Susan Dauria, Ph.D.


Susan Dauria

Ph.D. State University of New York at Albany
M.A. State University of New York at Albany
B.A. State University of New York at Geneseo

Why anthropology?

"I learned about anthropology for the first time as a freshman in college. My professor in introduction to anthropology encouraged me to write about my experience with the U.S. Army from a cultural perspective. Over the next four years I searched for a major and continued taking anthropology courses. I finally decided to take anthropology as a second major because I enjoyed the courses so much.

At that time I didn't expect to have a career as an anthropologist. After graduation, I got a job in New York City as an international licensing coordinator for United Features Syndicate, Inc. My career as an anthropologist was born during a business trip to Thailand, where I spent a week at meetings in the Bangkok Hilton Hotel. After that week, I broke out of the corporate world of the Hilton and spent time backpacking around the countryside. It was that trip that put my life in focus: I decided that I didn't want to work in business, but I wanted to experience life and stay in touch with the unique culture of regular people.

Once I returned from that trip I submitted applications to graduate school. Three months later I was at the State University of New York at Albany where I spent the next five years. I originally thought I would become an archaeologist and began working in a mortuary archeology lab on skeletal samples from Michigan. I later decided that cultural anthropology was more to my liking since it allowed me to interact with living people. I ultimately wrote my dissertation on the effects of deindustrialization on ethnic identity in a post-industrial community in upstate New York. Today, I still work in that community, as well as in northeastern Pennsylvania."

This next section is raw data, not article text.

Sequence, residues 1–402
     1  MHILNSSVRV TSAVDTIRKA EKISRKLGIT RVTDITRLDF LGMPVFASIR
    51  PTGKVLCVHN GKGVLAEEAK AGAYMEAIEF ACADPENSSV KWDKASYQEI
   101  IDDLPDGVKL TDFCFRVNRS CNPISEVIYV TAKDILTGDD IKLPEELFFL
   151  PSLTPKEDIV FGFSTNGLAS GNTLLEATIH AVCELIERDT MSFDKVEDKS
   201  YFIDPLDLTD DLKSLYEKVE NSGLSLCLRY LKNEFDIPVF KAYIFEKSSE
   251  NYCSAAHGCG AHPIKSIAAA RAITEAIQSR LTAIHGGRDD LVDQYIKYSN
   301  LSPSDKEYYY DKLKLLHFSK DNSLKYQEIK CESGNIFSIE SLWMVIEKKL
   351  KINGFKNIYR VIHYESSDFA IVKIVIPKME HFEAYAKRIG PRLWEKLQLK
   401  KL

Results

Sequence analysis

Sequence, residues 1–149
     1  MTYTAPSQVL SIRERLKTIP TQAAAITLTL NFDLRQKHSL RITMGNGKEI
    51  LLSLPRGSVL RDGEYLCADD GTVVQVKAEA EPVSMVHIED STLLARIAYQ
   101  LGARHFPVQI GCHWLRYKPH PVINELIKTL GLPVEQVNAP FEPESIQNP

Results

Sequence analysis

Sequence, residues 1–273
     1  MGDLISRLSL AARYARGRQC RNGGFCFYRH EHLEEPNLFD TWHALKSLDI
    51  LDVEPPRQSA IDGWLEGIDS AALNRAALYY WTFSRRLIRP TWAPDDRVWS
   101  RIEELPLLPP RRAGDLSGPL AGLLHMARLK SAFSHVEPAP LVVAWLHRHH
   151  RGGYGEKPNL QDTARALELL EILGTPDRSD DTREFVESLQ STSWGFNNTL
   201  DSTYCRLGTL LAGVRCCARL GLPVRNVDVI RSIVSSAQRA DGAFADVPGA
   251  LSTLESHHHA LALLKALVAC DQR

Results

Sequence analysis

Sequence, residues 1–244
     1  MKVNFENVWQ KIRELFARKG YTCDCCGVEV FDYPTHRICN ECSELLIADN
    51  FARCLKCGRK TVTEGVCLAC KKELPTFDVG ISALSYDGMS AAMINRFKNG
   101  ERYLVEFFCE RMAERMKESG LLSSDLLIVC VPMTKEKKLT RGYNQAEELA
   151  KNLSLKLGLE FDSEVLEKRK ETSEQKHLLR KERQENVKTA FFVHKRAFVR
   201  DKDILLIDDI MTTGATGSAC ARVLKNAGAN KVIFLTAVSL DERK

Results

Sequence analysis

Economic anthropology and the effects of deindustrialization on the construction of ethnic identity; Industrial and Organizational Culture, Child Socialization; Dance.

Ongoing Research Projects

Dr. Dauria annually organizes groups of students and faculty to collect oral histories and other data for a project entitled “Fair Stories.” The results have been incorporated into several manuscripts published by the Columbia County Historic Society and the Columbia County Agricultural Horticultural and Mechanical Association.

Using oral history and survey data collected over many years, she has mounted an ongoing investigation and commemoration of agricultural and industrial culture in Pennsylvania. One main research goal of the project is to determine the extent to which agricultural fairs serve as important touchstones for cultural identification.

“Fair Stories”: Oral histories and collective memories
“Fair Stories”: Oral histories and collective memories
“Fair Stories”: Oral histories and collective memories

Fair Research Publications:

Fairstories: Farming, Families, Food, and Fun at the Bloomsburg Fair - A compilation of Oral Histories collected over seven years. Published by the Columbia County Historical Society. Chapter contribution by Robert Dunkelberger.